The biggest inhibitor to charisma is a lack of self confidence, or the “impostor syndrome” phenomenon; if you’re forever living in fear that someone’s about to expose you as a fraud, then you can’t focus on being charming and charismatic. The more confident you are in yourself, the more you have faith in what you’re saying and the easier it will be to get others to believe in those same things – and in you.
The Three Elements of Charisma
Every person who we consider charismatic is charismatic in different ways; aside from an ability to be inspirational, how else would you connect the Dalai Lama to Steve Jobs? Having charisma might mean having “it”, but just like on the X Factor, “it” means different things for different people. There are four types of charisma – focus, visionary, kindness and authority – and three essential elements that people have in varying levels that indicate which style they have:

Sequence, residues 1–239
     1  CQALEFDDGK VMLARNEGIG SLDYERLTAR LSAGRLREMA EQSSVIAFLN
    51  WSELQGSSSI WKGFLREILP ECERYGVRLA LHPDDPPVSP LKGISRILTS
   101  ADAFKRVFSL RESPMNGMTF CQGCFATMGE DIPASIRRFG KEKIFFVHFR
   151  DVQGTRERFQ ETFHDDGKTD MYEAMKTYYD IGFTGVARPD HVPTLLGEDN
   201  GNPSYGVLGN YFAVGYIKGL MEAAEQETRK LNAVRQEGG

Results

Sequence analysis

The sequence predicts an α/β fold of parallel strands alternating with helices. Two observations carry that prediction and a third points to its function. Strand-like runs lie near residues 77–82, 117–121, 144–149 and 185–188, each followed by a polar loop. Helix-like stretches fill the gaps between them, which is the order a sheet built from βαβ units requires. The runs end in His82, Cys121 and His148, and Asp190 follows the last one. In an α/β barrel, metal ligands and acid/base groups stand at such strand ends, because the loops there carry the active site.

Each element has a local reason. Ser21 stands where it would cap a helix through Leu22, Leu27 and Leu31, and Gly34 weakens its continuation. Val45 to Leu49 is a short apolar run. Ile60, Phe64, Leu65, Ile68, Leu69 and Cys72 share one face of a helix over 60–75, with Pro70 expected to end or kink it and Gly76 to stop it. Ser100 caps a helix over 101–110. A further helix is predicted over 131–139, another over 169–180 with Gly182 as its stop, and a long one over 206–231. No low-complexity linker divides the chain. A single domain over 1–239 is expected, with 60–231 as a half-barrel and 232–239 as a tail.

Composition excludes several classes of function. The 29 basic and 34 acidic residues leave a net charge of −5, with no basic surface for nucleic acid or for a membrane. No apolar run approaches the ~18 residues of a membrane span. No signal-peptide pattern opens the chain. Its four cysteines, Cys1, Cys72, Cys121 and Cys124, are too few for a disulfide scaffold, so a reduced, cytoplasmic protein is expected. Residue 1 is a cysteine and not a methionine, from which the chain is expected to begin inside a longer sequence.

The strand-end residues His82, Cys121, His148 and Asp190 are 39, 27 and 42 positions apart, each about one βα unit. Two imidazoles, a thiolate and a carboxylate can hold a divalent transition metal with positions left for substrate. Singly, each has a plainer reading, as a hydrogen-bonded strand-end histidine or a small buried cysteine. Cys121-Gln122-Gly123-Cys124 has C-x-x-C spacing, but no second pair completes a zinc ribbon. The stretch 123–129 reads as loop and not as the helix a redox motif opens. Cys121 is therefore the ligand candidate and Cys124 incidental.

- Presence. A charismatic person walks into a room and immediately has everyone’s attention. Like Marilyn Monroe. But how about her alter ego, Norma Jean Baker? She actually experimented with this herself and found that she could almost literally turn her charisma on and off: by acting like Norma Jean on the subway, she was ignored, but by striking a pose and flicking her hair like Marilyn everyone suddenly noticed her. Marilyn was confident and had a mission to be noticed, and her presence demanded to be felt.
- Power. As soon as you stop trying to please others, you gain power. Your power and your charisma lies in your confidence; your faith in yourself and your beliefs. If you believe strongly enough and have the conviction to try to get others to share in your belief and follow you into action, then you have far more power than the person focused on simply being liked.
- Warmth. Charismatic people are liked people; liked people are warm and someone you feel you could share a drink with should the opportunity arise. Actors often auction off the chance to have dinner with them, and it raises a lot of money – because they have the charisma to make you like them in the first place and the warmth to make you want to spend time with them.